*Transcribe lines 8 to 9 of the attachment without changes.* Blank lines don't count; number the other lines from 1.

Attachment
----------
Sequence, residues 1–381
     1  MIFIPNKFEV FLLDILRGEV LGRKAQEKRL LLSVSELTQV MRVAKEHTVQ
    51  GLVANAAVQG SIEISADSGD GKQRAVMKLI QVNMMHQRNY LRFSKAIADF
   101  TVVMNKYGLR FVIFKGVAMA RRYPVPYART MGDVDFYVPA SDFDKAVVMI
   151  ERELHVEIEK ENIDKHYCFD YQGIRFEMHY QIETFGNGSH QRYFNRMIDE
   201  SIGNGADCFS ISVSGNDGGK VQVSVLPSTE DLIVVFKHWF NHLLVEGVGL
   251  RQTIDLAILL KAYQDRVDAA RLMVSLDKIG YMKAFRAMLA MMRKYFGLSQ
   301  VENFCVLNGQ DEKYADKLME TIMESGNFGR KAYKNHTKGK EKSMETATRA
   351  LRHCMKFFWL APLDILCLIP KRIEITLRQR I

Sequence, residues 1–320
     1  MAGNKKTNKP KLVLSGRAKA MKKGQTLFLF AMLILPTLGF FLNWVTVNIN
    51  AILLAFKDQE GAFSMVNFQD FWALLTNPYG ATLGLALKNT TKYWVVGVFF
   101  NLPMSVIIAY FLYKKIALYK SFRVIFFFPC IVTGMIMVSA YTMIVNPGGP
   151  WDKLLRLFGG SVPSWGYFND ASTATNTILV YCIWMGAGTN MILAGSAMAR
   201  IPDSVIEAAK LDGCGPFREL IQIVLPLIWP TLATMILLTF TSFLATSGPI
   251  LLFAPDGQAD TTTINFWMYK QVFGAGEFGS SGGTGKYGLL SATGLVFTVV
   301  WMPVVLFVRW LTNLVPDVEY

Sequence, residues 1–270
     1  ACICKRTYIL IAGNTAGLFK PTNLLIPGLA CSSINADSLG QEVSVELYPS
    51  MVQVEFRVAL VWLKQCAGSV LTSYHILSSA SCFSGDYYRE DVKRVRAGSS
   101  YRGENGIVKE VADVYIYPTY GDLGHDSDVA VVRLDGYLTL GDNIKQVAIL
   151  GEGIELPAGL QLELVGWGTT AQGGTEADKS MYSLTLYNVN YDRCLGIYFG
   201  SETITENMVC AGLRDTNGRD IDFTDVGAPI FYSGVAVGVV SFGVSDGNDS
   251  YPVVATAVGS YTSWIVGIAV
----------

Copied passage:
   301  VENFCVLNGQ DEKYADKLME TIMESGNFGR KAYKNHTKGK EKSMETATRA
   351  LRHCMKFFWL APLDILCLIP KRIEITLRQR I